Kayfabe is defined as the portrayal of staged events within the wrestling industry as "real" or "true," specifically the portrayal of competition, rivalries, and relationships between participants as being genuine and not of a staged or pre-determined nature of any kind.
Seeing as how the cat is well and truly out of the bag about pro wrestling’s pre-determined nature, is there any real need for such an archaic practise to still exist?
The most recent example in WWE of a slavish devotion to kayfabe occurred last year when Rusev and Lana announced their real-life engagement whilst being engaged in an on-screen feud.
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If you recall, the seeds had been sown for the pair to split on-screen during Rusev’s feud with John Cena, and immediately following the then-Russian hero’s loss(es), Lana entered into a ‘relationship’ with Dolph Ziggler.
It didn’t particularly work as the new couple had no real chemistry together, but the real problem arose when TMZ publicised Lana and Rusev’s real-life engagement and ‘ruined’ the WWE story line.
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Both appeared to then duly be punished on-screen by jobbing/being humiliated as per the company’s policy of putting talent in their place for any perceived slights.
The slight in this case was that the pair broke kayfabe and ‘exposed’ the business – which is patently ridiculous.
The zeal with which kayfabe was protected was illustrated brilliantly by Vader in 1997.
Appearing on talk show Good Morning Kuwait, the big man took offense when asked by his Iraqi host if pro wrestling was fake: flipping over a table, swearing, and roughing up the presenter, so offended was he by the accusation that wrestling might not be a real contest.
Vader has a history of becoming enraged at the wrong questions from journalists at home and abroad, but to defend kayfabe to such a degree was plain wrong.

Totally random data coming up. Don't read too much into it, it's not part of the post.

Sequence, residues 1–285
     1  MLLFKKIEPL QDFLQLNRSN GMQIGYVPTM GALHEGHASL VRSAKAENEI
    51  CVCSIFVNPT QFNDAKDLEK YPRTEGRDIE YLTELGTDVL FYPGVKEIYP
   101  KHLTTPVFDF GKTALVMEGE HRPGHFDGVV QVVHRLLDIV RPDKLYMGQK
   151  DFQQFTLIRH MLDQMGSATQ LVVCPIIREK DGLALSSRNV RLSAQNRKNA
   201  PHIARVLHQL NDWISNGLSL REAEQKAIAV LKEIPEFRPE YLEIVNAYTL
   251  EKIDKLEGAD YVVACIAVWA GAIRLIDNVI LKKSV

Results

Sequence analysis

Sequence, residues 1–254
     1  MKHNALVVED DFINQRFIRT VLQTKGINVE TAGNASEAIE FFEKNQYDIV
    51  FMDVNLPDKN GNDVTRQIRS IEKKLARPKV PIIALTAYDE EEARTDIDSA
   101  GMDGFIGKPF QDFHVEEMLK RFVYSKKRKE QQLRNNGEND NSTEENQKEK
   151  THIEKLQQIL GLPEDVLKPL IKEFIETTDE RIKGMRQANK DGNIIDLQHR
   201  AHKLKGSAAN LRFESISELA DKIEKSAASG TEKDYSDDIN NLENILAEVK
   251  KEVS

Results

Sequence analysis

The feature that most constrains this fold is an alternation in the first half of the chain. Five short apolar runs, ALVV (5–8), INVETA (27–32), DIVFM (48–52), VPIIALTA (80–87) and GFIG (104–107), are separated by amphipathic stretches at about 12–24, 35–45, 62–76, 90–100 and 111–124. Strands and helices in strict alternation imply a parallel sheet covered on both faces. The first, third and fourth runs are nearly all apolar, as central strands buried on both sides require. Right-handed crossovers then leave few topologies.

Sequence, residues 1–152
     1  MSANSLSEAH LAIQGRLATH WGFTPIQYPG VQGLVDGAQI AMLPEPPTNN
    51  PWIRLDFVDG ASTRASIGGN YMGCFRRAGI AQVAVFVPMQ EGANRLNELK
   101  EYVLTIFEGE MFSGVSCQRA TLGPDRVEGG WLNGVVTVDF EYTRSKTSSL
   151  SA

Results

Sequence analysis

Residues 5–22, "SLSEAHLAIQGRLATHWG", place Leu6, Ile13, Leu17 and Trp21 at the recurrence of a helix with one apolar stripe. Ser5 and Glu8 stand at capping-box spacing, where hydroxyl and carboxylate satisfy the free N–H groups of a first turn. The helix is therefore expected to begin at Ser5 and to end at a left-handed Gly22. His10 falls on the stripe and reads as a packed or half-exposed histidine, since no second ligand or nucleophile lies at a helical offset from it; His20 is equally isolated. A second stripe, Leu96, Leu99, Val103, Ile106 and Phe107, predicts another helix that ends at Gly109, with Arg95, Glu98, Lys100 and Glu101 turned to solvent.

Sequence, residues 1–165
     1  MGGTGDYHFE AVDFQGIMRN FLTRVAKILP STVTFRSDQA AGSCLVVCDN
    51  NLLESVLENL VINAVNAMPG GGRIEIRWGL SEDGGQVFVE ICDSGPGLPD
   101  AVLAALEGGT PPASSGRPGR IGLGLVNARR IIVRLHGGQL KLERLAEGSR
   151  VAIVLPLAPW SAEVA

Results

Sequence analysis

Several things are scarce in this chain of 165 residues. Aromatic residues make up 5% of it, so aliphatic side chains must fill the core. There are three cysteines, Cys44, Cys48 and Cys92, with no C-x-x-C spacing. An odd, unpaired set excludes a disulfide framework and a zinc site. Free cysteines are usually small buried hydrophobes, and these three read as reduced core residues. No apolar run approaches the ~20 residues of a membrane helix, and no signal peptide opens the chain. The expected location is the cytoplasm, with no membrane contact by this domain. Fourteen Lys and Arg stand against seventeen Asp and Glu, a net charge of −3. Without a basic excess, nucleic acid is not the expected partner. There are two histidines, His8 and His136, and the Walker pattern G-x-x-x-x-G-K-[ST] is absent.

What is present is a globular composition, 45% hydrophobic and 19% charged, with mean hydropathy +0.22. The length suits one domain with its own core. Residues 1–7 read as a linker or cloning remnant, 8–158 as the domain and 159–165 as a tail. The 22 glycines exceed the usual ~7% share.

Around six months later Vince McMahon would pull the fourth wall down in his famous taped promo where he announced the arrival of the Attitude Era. This was the precise point that kayfabe ceased to be a relevant concern.
Directly telling your audience that ‘good guys’ and ‘bad guys’ are passe, and that the company was going to attempt to be more entertaining are the sort of sound bites that linger in the memory and put to bed any thoughts that business is stuck in the past.
And yet, last year WWE acted the way they did with Rusev and Lana.
The BBC’s Louis Theroux was subjected to kayfabe in a very physical manner during his visit to WCW and the Power Plant for his Weird Weekends documentary series in 1999.
So offended was Plant boss Dewayne Bruce at Theroux’s questioning of wrestling’s authenticity that he drilled the presenter to the point of physical illness.
‘Macho Man’ Randy Savage also looked deeply uncomfortable merely being in the presence of the BBC crew backstage, and refused to say a word. Kayfabe had to be protected against the interlopers.
The strangest example of kayfabe being dead came during an episode of TNA Impact Wrestling during the Joseph Parks-Abyss saga.
Parks was essentially playing his own brother as the Kane-alike Abyss had gone missing and his bookish, lawyer brother had come to TNA looking for him. Except as the story developed, it was revealed that they were one and the same person as Parks had a split personality.
Sting, as the General Manager of Impact at the time, knew the truth of the matter, though, and during one backstage exchange told Parks, “Are you gonna kayfabe me?”
If the term is even going to be used as part of a promo, then surely the very concept is dead and buried?
Kayfabe is something that was always practised in old time wrestling as the idea of matches being a work is a relatively new occurrence in the sport, to extend the professional life of the performers, and kayfabe had its place during that transitional period.
But now? In an age of Twitter, Facebook and Instagram? We know that wrestlers aren’t actually their on-screen characters and that the events that play out on our screens are a fiction.
Kayfabe has no place in modern wrestling and should be consigned to the past.
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